(1861). Défense de la Liberté de l'Église. R. Ruffet.
(1865). La Convention du 8 Décembre. Suivie d'une Lettre au Journal
des Débats. Paris: Charles Douniol.
(1866). L'Athéisme et le Péril Social. Paris: Charles Douniol et
(1866). Entretiens sur la Prédication Populaire. Paris: Charles
(1866). De la Haute Éducation Intellectuelle. Paris: Charles Douniol.
(1867). Louis XVII, sa Vie, son Agonie, sa Mort: captivité de la
famille royale au Temple. H. Plon.
(1869). L' Enfant. Paris: Charles Douniol.
(1869). La Femme Studieuse. Paris: Charles Douniol.
(1872). De l'Éducation. Paris: Charles Douniol et Cie. [3 tomes].
De l'Éducation en Général.
De l'Autorité et du respect dans l'Éducation.
Les Hommes d'Éducation.
(1875). Étude sur la Franc-maçonnerie. Paris: Charles Douniol.
(1878). Premières Lettres a Messieurs les Membres du Conseil
Municipal de Paris sur le Centenaire de Voltaire. Paris: Société
(1879). Lettres sur l'Éducation des Filles et sur les Études qui
Convienment aux Femmes dans le Monde. Paris: Charles Douniol.
(1920). Le Mariage Chrétien. Paris: P. Téqui.
Works in English translation
(1860). The Papal Sovereignty. London: Catholic Publishing and
(1869). Studious Women. Boston: Patrick Donahoe.
(1869). Joan of Arc. London: Burns and Oates.
(1875). The Child. Boston: Thomas B. Noonan & Co.
(1875). A Study of Freemasonry. London: Burns and Oates (American
edition: Newark, N.J.: J.J. O'Connor & Co, 1876).
(1890). The Ministry of Catechising. London: Griffith Farran & Co.
(1891). The Ministry of Preaching. London: Griffith Farran, Okeden
(1867). "Learned Women and Studious Women," Part II, The Catholic
World, Vol. VI, pp. 24–43, 209–226.
^ "Félix Dupanloup, Bishop of Orléans," The Catholic World, Vol.
XXVIII, No. 166, January 1879.
Mgr. Dupanloup," The Living Age, Vol. LX, No. 2258, 1887, pp. 3-13.
^ a b c One or more of the preceding sentences incorporates
text from a publication now in the public domain: Chisholm, Hugh,
ed. (1911). "Dupanloup, Félix Antoine Philibert". Encyclopædia
Britannica. 8 (11th ed.). Cambridge University Press.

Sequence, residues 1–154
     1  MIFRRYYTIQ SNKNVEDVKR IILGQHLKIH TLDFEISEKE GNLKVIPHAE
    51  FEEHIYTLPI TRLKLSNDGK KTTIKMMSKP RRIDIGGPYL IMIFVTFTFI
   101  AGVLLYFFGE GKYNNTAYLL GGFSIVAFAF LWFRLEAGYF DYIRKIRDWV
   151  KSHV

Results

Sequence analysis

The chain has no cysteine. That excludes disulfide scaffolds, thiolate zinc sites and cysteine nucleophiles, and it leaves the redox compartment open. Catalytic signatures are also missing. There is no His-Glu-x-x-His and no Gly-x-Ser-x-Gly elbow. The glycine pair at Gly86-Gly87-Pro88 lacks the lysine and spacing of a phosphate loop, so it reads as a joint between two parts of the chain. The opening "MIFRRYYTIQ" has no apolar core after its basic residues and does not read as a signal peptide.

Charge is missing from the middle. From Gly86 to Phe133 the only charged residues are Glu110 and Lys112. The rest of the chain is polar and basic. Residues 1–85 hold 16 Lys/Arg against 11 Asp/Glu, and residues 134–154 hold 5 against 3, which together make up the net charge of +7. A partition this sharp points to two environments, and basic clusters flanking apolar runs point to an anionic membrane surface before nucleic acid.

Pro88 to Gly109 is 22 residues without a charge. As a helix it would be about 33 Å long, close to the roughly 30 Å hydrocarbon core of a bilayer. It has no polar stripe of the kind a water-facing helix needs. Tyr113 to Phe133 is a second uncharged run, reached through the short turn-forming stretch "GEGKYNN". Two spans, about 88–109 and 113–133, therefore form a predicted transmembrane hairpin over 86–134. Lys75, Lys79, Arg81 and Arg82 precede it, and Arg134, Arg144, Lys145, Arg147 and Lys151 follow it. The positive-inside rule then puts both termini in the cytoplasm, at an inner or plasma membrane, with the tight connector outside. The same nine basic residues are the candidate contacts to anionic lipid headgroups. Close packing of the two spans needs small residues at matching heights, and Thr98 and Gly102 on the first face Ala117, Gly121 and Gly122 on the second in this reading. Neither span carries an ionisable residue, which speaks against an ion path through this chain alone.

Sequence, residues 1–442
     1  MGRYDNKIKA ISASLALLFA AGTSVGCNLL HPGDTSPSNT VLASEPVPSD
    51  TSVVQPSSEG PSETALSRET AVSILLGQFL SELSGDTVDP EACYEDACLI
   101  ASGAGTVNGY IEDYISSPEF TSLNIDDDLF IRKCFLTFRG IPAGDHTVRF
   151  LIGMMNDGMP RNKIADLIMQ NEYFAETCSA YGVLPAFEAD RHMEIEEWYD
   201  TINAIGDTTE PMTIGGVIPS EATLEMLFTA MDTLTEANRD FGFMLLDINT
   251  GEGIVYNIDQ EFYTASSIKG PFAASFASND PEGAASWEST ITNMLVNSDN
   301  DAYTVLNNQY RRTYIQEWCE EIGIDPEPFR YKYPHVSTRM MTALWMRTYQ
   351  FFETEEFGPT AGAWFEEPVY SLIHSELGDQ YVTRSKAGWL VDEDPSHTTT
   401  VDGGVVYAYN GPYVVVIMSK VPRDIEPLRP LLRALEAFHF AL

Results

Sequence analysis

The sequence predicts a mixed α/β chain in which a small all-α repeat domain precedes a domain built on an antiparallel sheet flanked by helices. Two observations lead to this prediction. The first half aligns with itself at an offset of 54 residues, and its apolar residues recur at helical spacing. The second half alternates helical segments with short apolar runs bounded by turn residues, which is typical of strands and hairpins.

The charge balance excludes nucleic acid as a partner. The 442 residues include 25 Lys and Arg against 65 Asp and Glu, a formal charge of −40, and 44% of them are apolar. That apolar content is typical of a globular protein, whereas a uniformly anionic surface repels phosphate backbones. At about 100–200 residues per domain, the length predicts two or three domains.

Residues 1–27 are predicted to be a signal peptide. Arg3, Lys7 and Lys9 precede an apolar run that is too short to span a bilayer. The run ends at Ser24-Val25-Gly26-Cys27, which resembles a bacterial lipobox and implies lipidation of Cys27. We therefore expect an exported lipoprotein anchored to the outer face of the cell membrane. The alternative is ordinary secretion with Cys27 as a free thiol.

^ King, Edward (1876). "Monseigneur Dupanloup," in French Political
Leaders. New York: G. P. Putnam's Sons, p. 128.
^ Parsons, Reuben (1886). "Dupanloup," in Studies in Church History.
New York: Fr. Pustet & Co., p. 354.
^ "The Roman Question," The Rambler 4, November 1860, pp. 1-27.
^ Sparrow Simpson, W.J. (1909). Roman Catholic Opposition to Papal
Infallibility. London: John Murray.
^ Cross, Robert D. (1958). "Catholicism and Culture in
Nineteenth-Century Europe", in The Emergence of Liberal Catholicism in
America. Cambridge: Harvard University Press.
Harrigan, Patrick J. (1973). "French Catholics and Classical Education
after the Falloux Law," French Historical Studies, Vol. 8, No. 2,
Huckaby, John K. (1965). "Roman Catholic Reaction to the Falloux Law,"
French Historical Studies, Vol. 4, No. 2, pp. 203–213.
May, Anita Rasi (1963). "The Falloux Law, the Catholic Press, and the
Bishops: Crisis of Authority in the French Church," French Historical
Studies, Vol. 8, No. 1, pp. 77–94.
O'Connell, Marvin R. (1984). "Ultramontanism and Dupanloup: The
Compromise of 1865," Church History, Vol. 53, No. 2,
O'Connor, R.F. (1879). "Monseigneur Dupanloup," Part II, Part III, The
Monitor 1, pp. 25–39, 104-121, 230-240.
Pressensé, Edmond de (1880). "Dupanloup, Bishop of Orleans." In:
Contemporary Portraits. New York: A. D. F. Randolph.
Vaugham, John S. (1886). "Olier and Dupanloup," The Dublin Review,
Vol. 98, pp. 22–40.
Wikimedia Commons has media related to Félix Dupanloup.
Lagrange, François (1885). Life of Monseigneur Dupanloup: Bishop of
Orleans. London: Chapman & Hall.
Mirecourt, Eugène de (1867). "Dupanloup (Monseigneur)." In: Portraits
et Silhouettes au XIXe Siècle. Paris: E. Dentu.
Nielsen, Fredrik (1906). The History of the Papacy in the XIXth
Century. London: John Murray.
Peletier, Victor (1876). Monseigneur Dupanloup. Paris: Haton
This article incorporates text from a publication now in the
public domain: Sollier, J.F. (1913). "Antoine-Philibert
Dupanloup". In Herbermann, Charles. Catholic Encyclopedia. New York: